Wednesday, September 19, 2012

Bristol Rhythm & Roots Reunion 2012



State Street is the main shopping street in Bristol. The Tennessee-Virginia state line runs right down the middle of the State Street allowing visitors to have one foot simultaneously in each state, each a hot bed of musical creativity from our country's earliest days to today. Each year Bristol seeks to offer music lovers a feast of that music in mid-September, offering a rich variety of musical genres from the two states and far beyond. The result is an exciting experience which combines elements of a street fair, major performance stages, coffee houses, bars, and stores all offering performers from solo singer/songwriters to world famed musical performers as Bristol Rhythm & Roots Reunion. As the home of the original recordings of country music in America, Bristol is uniquely well-suited to provide such a musical feast. We came up to spend Sunday, reportedly a more laid back and relaxed day, but Rhythm & Roots is a three day extravaganza featuring hundreds of performers while attracting tens of thousands of festival goers. Here's our impressions.


Vendors the Length of State Street
 

Plenty of Very Friendly Security

Plenty of Clean, Well-Positioned Facilities

A Variety of Indoor and Outdoor Venues

ETSU Bluegrass Band at the Paramount



Kids' Art Work at the Eatz More Stage
Boy and Girls Club of Bristol
Balsam Range at Eatz and More

 Darren Nicholson





Tim Surett



Mark Pruett

Buddy Melton

Caleb Smith



New & Vintage Recordings at Session 27



Singer/Songwriter Gail Wade at The Grind House

Emecee and Fan Kim Cyr

The State Street Stage

Della Mae at Machievelli's Outdoor

Celia Woodsmith

Kimber Ludiker

Jenni Lyn Gardner

Courtney Hartman

 Shelby Means










Dale Ann Bradley at the Country Mural Stage

 Dale Ann Bradley

 Steve Gulley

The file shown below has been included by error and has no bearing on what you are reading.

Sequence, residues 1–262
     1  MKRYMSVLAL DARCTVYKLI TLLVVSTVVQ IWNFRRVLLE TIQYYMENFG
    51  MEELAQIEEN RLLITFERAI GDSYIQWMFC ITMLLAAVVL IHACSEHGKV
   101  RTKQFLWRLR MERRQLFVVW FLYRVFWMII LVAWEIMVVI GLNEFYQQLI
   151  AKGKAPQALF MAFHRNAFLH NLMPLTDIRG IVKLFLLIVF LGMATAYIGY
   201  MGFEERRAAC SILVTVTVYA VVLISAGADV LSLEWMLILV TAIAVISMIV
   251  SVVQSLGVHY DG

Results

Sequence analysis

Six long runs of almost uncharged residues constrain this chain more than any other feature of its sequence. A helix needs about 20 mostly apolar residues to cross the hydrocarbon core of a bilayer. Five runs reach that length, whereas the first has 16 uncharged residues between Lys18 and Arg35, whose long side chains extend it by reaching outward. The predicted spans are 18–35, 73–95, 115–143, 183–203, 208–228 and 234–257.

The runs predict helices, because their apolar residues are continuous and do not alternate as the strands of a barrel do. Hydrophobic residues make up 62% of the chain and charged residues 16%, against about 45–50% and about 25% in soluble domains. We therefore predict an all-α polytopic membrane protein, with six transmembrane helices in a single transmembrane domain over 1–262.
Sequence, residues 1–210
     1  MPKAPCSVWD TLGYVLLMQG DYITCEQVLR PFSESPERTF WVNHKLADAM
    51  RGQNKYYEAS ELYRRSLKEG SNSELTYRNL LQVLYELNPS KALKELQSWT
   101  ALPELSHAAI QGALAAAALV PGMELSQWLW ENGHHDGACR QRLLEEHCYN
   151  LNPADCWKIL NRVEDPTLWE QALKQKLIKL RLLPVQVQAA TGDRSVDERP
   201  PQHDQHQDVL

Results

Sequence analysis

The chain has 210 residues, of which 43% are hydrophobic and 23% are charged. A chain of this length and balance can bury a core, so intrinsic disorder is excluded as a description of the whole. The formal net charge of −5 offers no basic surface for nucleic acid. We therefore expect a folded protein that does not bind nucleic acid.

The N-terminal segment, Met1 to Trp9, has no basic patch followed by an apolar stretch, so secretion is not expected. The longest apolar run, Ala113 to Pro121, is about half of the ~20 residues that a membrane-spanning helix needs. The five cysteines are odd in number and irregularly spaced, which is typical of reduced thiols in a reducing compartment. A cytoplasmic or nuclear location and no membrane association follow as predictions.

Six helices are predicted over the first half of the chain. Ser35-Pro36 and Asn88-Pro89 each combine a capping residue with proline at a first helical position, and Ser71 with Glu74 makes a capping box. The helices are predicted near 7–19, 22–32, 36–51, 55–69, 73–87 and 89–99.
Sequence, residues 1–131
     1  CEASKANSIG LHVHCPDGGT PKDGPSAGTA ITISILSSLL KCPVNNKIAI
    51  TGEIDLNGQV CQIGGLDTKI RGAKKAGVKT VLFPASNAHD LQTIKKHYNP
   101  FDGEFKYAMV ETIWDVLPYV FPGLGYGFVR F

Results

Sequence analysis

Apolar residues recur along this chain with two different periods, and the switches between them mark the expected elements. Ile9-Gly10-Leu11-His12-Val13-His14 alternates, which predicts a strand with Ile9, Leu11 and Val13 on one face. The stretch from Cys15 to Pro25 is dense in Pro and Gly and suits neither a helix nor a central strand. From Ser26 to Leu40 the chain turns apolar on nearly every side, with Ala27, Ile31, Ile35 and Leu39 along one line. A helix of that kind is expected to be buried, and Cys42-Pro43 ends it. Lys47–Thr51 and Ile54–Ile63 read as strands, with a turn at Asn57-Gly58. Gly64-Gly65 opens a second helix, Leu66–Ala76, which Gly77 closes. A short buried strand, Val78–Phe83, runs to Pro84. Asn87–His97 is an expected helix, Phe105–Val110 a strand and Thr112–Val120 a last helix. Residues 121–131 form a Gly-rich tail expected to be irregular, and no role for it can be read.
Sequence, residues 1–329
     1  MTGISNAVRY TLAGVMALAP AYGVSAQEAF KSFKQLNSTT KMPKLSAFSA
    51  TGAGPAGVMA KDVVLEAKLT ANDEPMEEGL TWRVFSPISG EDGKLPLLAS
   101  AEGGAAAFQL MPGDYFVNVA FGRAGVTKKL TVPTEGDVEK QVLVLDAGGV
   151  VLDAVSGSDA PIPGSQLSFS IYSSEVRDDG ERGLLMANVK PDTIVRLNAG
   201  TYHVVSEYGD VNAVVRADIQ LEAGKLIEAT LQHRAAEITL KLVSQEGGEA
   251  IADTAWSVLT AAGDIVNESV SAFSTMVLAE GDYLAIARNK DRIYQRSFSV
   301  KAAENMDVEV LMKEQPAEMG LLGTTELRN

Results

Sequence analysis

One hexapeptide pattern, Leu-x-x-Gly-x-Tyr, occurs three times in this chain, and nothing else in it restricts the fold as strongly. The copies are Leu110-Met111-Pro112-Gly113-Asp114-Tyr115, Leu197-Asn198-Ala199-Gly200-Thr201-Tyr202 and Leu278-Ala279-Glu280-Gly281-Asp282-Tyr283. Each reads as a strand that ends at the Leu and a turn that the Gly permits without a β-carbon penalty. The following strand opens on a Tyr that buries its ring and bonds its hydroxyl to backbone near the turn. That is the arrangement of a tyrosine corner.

Mike Sumner

Bryan Turner
  
Brandon Godman

 Greg Hodge

Dale Ann Bradley & Steve Gulley





Balsam Range at the Country Mural Stage


The Country Mural & Crowd

Buddy Melton & Daughter


 

The Gibson Brothers at The Country Mural Stage

Eric Gibson
 

Leigh Gibson & Mike Barber
 

 Clayton Campbell

Joe Walsh

The Gibson Brothers Meet the Gibson Brothers
 
For our first visit to Rhythm & Roots, we chose to try to get the lay of the land, scope out the scene, and see performances by bands we are familiar with and like. The event, however, provides more than ample opportunities to sample new groups you're unfamiliar with as well as to eat at a huge variety of festival vendors and local restaurants, and to shop at specialized vendors and attractive small shops along State Street. Food and drink from the vendors are marvelously varied and well priced.  We understand crowds can be considerable and arriving early for performances by popular bands is recommended if you wish to get one of the seats provided by the festival. We carried bag chairs with us, and used them, although they weren't completely necessary.  There's plenty of free parking a block or two away from State Street, but we imagine it gets pretty crowded for people not arriving early. There are shuttle buses provided from more remote lots and accommodations.There are twenty-four stages, large and small, within walking distance in a five or six block area.

Kimber Ludiker of Della Mae



Rhythm & Roots is held in a distinctly small city environment. There's lots of action. Alcohol is served. There's plenty of friendly and helpful security, and I'm sure they keep a light but effective hand on people who act out inappropriately.  We had a good time and are likely to return for Sunday again next year. Larry Gorley, Chairman of the Board, and Carl Cooler were thoughtful hosts filled with information for us, and we thank them.  Rhythm and Roots has a similar Americana lineup to Merlefest, held relatively  nearby in the Spring, at half the price. It manages to maintain a controlled environment without while treating attendees like adults and expecting them to behave as such.